There has been a lot of attention lately on what’s healthy in terms of body size. The brave decision of Cosmopolitan to put a plus-sized lady on the cover with the slogan "This is healthy" sparked a debate on what health means, and of course, whether we can finally let plus-sized people off the hook.
What is health, anyway?
The definition of health, according to WHO, is "a state of complete physical, mental, and social well-being and not merely the absence of disease or infirmity". So it is not only about the body, but also about the mind, and, interestingly, social connections! Is it possible that the rejection, ridicule, and bullying that plus-sized people are subject to harm their health more than their supposed excess weight?
1. It is only with the heart that one can see rightly
First of all, let me point out that the WHO definition does not mention anything about looks. The body you are simply unhappy with because you’ve been told that you should lose a few - to fit some beauty ideal that is also unhealthy and unsustainable - is probably perfectly functional and healthy. Instead of focusing on dieting and suffering until we fit the mold, we should change the rules of the game. A body that takes us where we want to go, allows us to do what we want to do, and gives us a feeling of well-being: that’s what the goal should be.
If you want to know your state of health, consult your doctor. They can run tests to see if your body is doing what it is supposed to do, and correct anything that is off. If you get a clean bill of health (as many supposedly overweight people do) there is really no reason to worry about slimming down just to please others.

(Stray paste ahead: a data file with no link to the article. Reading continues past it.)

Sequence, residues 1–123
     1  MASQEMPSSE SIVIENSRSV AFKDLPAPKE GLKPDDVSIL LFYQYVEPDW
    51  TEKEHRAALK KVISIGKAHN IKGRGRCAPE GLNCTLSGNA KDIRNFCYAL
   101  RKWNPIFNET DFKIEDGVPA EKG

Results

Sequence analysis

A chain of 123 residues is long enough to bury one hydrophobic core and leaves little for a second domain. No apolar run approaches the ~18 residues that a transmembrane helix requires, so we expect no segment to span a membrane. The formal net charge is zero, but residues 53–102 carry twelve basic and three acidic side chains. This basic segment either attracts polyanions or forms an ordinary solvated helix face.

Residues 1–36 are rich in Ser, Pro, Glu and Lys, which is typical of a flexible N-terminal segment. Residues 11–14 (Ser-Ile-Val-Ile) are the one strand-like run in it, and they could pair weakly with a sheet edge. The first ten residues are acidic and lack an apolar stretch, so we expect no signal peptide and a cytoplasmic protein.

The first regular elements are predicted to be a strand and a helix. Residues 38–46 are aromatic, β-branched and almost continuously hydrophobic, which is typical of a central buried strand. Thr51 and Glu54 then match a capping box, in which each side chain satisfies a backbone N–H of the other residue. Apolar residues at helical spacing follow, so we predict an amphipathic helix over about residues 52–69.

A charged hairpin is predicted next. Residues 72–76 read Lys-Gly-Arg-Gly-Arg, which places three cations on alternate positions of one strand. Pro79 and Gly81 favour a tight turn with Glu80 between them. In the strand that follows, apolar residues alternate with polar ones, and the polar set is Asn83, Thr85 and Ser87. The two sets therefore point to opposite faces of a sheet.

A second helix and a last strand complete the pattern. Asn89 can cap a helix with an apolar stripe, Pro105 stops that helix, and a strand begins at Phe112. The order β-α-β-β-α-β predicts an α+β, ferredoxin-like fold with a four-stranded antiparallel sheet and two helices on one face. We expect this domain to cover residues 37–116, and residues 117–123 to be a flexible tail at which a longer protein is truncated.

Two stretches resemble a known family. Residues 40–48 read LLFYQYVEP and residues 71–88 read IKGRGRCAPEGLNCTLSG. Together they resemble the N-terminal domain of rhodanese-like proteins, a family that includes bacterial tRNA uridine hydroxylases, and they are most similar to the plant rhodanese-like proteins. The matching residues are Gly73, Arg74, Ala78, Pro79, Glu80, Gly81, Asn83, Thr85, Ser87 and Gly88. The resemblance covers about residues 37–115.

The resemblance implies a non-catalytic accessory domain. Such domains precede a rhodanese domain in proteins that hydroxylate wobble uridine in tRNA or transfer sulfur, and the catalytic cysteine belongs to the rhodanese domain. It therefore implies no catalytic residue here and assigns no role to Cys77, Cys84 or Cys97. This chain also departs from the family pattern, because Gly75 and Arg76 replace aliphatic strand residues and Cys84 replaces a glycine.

2. A body’s natural weight
In my experience, a human body has a natural point of balance, and if you listen to your innate body wisdom, eat and exercise accordingly, your body will naturally find this balance. For some individuals, this will be a weight that society finds acceptable, but for many, it is not. This is an important fact to recognize. For example, my metabolism is such that I will never be skinny without constant self-deprivation. But I learned to accept that! If you are in harmony with your body and can’t lose weight - maybe you are not supposed to.
3. Mental health is closely connected to body health
Now, I’m not saying that eating whatever we feel like eating is the healthy way to go. As I mentioned in last month’s article, emotional eating is very common, and we tend to eat higher amounts of unhealthy food when we are stressed. But this is a mental health issue, and it should be treated with psychological methods instead of harsh diets. When mental balance is restored, you will notice your body will also feel better.
Health is a complex concept, it involves mental and social components as much as physical ones. Whether it is about yourself or somebody else, hold off the judgment and focus on well-being in all areas! And do not forget: what is essential might be invisible to the eye.